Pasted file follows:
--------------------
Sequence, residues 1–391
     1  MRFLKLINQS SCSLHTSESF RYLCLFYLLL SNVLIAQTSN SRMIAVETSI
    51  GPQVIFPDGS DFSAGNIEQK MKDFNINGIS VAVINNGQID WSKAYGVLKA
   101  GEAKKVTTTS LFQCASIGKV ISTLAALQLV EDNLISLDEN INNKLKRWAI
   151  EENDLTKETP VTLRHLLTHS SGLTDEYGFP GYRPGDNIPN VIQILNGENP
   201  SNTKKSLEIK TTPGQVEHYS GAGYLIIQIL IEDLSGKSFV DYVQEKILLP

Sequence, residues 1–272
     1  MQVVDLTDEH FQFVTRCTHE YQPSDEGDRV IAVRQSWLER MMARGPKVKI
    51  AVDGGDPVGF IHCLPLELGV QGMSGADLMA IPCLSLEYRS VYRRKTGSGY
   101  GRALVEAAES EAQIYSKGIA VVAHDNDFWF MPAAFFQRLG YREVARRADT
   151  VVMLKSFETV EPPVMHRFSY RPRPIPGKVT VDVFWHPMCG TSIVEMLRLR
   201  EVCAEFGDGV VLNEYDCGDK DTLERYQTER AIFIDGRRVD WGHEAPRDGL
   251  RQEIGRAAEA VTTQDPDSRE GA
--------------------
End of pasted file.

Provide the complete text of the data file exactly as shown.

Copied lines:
Sequence, residues 1–391
     1  MRFLKLINQS SCSLHTSESF RYLCLFYLLL SNVLIAQTSN SRMIAVETSI
    51  GPQVIFPDGS DFSAGNIEQK MKDFNINGIS VAVINNGQID WSKAYGVLKA
   101  GEAKKVTTTS LFQCASIGKV ISTLAALQLV EDNLISLDEN INNKLKRWAI
   151  EENDLTKETP VTLRHLLTHS SGLTDEYGFP GYRPGDNIPN VIQILNGENP
   201  SNTKKSLEIK TTPGQVEHYS GAGYLIIQIL IEDLSGKSFV DYVQEKILLP

Sequence, residues 1–272
     1  MQVVDLTDEH FQFVTRCTHE YQPSDEGDRV IAVRQSWLER MMARGPKVKI
    51  AVDGGDPVGF IHCLPLELGV QGMSGADLMA IPCLSLEYRS VYRRKTGSGY
   101  GRALVEAAES EAQIYSKGIA VVAHDNDFWF MPAAFFQRLG YREVARRADT
   151  VVMLKSFETV EPPVMHRFSY RPRPIPGKVT VDVFWHPMCG TSIVEMLRLR
   201  EVCAEFGDGV VLNEYDCGDK DTLERYQTER AIFIDGRRVD WGHEAPRDGL
   251  RQEIGRAAEA VTTQDPDSRE GA